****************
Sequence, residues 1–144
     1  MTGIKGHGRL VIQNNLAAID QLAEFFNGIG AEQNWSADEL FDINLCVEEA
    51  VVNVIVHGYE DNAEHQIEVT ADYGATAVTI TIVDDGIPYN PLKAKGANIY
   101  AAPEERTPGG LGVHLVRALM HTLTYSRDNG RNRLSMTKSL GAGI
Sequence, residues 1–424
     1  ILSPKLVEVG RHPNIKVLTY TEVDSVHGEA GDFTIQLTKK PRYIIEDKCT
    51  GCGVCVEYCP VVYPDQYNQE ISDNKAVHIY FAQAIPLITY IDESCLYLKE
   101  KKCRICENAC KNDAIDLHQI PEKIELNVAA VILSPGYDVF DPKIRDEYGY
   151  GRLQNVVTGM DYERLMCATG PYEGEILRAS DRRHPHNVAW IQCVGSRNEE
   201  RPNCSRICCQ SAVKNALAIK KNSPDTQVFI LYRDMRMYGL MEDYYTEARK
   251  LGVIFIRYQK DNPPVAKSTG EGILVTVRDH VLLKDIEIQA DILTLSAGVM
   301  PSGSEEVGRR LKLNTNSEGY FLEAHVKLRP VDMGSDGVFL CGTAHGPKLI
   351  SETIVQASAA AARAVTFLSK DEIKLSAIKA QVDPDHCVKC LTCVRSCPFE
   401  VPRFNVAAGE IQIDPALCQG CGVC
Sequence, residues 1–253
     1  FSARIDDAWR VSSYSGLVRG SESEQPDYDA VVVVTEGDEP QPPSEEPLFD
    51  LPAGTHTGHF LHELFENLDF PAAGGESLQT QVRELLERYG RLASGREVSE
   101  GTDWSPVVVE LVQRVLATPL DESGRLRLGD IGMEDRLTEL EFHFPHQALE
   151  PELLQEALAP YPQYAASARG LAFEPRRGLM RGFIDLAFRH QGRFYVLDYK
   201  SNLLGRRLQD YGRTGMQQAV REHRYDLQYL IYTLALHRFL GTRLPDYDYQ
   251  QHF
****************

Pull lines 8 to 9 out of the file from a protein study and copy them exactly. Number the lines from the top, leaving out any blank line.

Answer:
   101  KKCRICENAC KNDAIDLHQI PEKIELNVAA VILSPGYDVF DPKIRDEYGY
   151  GRLQNVVTGM DYERLMCATG PYEGEILRAS DRRHPHNVAW IQCVGSRNEE